Throughout Kakadu National Park, the landscape is dominated by the Arnhem land and Kakadu escarpments. In their own  right, these bands of ancient sandstone are spectacular sights. Seen across the wetlands and  through curtains of paperbark trees, the escarpments add a rich, warm shot of colour to a fairly monochrome landscape.

In this painting I want to use a sickly pink acrylic pigment to exaggerate the warm hues of the escarpment. To really give this colour some impact I will contrast it with some raw Ultramarine Blue


The spectacular Kakadu escarpment

The range of colours for this painting is very small. Medium Magenta Acrylic being the only unusual pigment.


On the extreme left, above, is a small water spray. Not in the image is a 3″ Hake brush


A rough sketch sketch provides just enough information to place the various elements. The first washes are gradations of Ultramarine Blue and Alizarin Crimson.


Once the first washes are completely dry, the foliage can be suggested with varying mixtures of Quinacridone Gold, Alizarin and Phthalo Blue. In order to make the shapes appear random and uncontrived, the paint is splashed onto the paper then the edges are adjusted before the pigment dries.  The important thing to remember with these shapes is to put as much variation as possible into the edges.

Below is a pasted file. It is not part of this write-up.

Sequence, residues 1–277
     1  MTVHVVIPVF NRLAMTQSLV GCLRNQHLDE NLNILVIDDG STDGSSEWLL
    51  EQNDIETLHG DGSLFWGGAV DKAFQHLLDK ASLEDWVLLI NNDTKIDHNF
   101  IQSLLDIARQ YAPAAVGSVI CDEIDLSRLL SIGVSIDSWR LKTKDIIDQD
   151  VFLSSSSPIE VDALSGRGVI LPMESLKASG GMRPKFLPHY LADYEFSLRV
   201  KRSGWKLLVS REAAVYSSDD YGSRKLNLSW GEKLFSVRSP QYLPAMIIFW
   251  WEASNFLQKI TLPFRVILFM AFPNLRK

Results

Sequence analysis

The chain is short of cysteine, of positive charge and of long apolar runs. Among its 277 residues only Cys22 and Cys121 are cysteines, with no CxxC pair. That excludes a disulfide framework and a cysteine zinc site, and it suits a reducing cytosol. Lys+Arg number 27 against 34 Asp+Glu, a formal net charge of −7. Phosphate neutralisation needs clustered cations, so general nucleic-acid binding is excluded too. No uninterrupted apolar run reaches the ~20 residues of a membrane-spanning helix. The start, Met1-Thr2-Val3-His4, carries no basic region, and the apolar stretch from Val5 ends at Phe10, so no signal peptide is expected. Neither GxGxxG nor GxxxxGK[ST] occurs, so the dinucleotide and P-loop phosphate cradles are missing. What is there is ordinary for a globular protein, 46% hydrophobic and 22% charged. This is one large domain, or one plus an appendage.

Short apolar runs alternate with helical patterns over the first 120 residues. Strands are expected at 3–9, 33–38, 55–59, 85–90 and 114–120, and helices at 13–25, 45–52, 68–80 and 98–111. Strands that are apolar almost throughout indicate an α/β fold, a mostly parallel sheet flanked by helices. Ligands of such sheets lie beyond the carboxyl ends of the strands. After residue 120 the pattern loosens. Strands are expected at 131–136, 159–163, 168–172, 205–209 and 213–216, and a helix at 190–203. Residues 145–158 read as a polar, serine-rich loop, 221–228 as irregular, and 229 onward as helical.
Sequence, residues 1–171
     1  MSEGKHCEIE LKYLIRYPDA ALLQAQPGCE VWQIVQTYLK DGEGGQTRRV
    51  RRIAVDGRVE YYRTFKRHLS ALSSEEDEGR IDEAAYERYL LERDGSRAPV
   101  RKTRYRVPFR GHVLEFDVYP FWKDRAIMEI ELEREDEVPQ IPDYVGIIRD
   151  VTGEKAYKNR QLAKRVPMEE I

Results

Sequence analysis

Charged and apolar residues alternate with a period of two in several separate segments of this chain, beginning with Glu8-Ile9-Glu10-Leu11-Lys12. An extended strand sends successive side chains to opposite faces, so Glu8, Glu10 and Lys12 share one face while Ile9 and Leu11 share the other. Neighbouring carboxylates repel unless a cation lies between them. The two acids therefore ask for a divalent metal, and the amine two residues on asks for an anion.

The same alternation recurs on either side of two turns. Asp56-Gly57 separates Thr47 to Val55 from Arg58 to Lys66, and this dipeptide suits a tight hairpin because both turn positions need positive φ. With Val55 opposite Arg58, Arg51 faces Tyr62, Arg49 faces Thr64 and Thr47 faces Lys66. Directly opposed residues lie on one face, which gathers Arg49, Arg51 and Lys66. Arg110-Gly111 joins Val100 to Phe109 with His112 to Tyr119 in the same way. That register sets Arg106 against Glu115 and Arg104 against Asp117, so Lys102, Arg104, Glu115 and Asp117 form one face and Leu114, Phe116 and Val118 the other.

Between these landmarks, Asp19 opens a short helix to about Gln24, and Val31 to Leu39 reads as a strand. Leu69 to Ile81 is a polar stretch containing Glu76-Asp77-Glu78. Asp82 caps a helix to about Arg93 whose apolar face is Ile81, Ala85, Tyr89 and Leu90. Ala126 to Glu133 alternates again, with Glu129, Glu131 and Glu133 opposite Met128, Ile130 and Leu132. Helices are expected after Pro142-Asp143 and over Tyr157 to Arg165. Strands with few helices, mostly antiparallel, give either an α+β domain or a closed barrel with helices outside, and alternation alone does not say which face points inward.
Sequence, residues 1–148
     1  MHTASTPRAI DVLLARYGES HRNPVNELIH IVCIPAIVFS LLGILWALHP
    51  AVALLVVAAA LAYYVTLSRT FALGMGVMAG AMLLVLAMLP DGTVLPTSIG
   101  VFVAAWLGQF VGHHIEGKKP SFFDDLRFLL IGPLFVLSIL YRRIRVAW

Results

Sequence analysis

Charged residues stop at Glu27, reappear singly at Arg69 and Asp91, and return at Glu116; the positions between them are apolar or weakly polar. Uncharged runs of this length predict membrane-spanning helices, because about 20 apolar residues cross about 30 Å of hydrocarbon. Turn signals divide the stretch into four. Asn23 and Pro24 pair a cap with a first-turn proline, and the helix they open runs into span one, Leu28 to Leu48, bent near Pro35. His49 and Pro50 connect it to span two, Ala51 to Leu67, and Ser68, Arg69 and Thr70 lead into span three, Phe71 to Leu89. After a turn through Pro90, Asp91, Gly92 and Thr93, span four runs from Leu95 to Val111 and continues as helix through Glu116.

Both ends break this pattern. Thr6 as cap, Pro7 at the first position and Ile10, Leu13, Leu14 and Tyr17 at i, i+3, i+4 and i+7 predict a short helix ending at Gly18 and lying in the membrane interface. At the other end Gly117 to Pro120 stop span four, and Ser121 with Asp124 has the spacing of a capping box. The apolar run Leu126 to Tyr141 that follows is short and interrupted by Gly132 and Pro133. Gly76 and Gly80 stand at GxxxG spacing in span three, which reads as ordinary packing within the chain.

The horizontal bands of white paper will later be tinted to represent the horizontal line of the waters edge.


More detail is added to the foliage and reflections. The pure Ultramarine that will form the shadow at the bottom of the escarpment is dropped in and softened with a damp 1″ brush

A liner brush is used to add the fine twigs and branches. The paler, main tree trunks, are lifted out with a damp 1″ flat brush.


Finally the sickly pink acrylic is dropped in over a wash of Quinacridone Gold and Alizarin Crimson. A wash of Phthalo Blue cools down the water. Graded washes of Ultramarine Blue darken the outer edges of sky and water.

With the painting once again , thoroughly dry, pools of White Gouache are dropped into the sky and water and adjusted with a dry hake brush and water spray.

The last step is to add some Burnt Sienna Ink marks and Black and White charcoal pencil lines to suggest  finerl detail.


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